materials used, but about their quality and importance, too.” Campbell, 510 U.S. at 587.
Moreover, the copying of a substantial portion of the original work “may reveal a dearth
of transformative character or purpose under the first factor.” Campbell, 510 U.S. at 587.
Here, the copying was necessary to enhance the biographical narrative, told
largely through Say’s own illustrations that were not exact copies, but mimicked Castle’s
style. This process became literally transformative in instances where a Castle rendering
was changed by inserting Castle himself or other characters into the drawing. This factor
weighs in favor of Say and Scholastic.
Memorandum Decision & Order – page 6
The fourth fair use factor examines “the effect of the use upon the potential market
for or value of the copyrighted work.” This factor likely weighs in defendant’s favor
because the Castle Collection dislikes the way Castle is portrayed in the Book and would
not have licensed his art for that use. See Amended Complaint (Dkt. No. 14) at ¶¶ 3031. In those circumstances, this fourth factor favors defendants. Campbell, 510 U.S. at
Weighing the four factors, the Court finds, at this early juncture in the case, that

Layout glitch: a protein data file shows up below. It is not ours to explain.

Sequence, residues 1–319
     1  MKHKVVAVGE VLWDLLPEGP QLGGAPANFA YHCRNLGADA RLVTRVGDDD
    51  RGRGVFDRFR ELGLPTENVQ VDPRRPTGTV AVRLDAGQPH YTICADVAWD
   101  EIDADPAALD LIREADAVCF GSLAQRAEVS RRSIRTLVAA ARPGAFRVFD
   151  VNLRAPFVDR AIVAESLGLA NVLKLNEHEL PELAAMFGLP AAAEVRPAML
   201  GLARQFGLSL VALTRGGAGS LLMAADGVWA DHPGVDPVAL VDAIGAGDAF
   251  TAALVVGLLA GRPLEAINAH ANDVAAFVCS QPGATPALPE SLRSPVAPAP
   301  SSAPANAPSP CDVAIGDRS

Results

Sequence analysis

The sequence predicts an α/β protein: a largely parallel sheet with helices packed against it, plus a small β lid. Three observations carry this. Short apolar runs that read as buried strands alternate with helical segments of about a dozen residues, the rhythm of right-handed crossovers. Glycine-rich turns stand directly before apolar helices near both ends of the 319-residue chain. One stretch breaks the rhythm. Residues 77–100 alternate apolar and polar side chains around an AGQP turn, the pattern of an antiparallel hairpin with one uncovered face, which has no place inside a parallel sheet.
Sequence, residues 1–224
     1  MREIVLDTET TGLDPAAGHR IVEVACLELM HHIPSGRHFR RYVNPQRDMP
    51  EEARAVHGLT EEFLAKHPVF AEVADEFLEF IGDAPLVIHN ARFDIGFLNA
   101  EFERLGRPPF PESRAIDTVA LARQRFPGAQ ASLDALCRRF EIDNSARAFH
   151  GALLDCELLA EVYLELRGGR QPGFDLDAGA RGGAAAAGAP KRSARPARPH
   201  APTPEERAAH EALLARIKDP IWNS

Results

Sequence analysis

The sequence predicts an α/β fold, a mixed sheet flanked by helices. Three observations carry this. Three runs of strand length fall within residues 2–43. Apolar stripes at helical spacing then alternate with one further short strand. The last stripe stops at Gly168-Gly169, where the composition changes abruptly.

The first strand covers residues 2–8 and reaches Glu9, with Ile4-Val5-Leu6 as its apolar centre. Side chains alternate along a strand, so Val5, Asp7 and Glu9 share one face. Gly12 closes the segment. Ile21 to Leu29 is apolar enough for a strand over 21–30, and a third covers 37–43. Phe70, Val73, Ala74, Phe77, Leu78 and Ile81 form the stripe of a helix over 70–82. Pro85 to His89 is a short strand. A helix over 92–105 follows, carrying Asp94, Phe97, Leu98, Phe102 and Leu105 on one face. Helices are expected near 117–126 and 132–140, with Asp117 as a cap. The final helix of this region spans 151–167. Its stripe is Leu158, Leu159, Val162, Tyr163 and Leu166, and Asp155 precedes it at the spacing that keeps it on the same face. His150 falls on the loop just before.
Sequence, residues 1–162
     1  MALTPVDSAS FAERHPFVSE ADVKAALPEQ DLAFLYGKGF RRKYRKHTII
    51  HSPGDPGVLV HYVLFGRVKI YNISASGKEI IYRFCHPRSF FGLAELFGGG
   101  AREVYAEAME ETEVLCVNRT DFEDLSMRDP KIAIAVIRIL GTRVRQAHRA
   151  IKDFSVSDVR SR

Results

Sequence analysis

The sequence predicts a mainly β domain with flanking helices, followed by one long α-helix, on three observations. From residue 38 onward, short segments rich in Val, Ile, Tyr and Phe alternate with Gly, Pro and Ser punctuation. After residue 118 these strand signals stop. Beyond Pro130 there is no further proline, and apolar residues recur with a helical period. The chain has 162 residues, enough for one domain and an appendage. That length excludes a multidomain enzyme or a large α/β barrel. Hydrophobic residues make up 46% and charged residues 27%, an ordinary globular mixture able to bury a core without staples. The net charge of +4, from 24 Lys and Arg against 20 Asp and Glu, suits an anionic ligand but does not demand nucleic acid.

three of them likely favor defendants, while the one that favors the Castle Collection is of
little significance. Because, the defendants are likely to prevail on their fair use defense,
the Court cannot find that the Castle Collection is likely to prevail on the merits.
Moreover, the Castle Collection is seeking a mandatory injunction, a form of relief that is
“particularly disfavored” and available only if “the facts and law clearly favor the moving
party.” Garcia, 786 F.3d at 740. That is not the case here. When “a plaintiff has failed
to show the likelihood of success on the merits, we need not consider the remaining three
Winter elements.” Id. Consequently, the motion for temporary restraining order will be
In accordance with the Memorandum Decision set forth above,
NOW THEREFORE IT IS HEREBY ORDERED, that the expedited motion for
temporary restraining order (docket no. 7) is DENIED.
Memorandum Decision & Order – page 7
DATED: October 30, 2017
B. Lynn Winmill
United States District Court